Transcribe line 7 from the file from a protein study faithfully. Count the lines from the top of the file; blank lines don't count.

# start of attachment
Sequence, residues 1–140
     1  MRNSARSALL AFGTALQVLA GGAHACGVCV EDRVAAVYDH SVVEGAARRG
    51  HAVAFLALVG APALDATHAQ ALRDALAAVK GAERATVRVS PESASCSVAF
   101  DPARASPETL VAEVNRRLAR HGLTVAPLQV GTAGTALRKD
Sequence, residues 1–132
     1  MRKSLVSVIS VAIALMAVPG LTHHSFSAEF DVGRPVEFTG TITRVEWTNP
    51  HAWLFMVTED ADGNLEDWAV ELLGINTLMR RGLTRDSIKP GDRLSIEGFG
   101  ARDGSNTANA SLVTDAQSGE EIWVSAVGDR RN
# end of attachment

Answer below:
    51  HAWLFMVTED ADGNLEDWAV ELLGINTLMR RGLTRDSIKP GDRLSIEGFG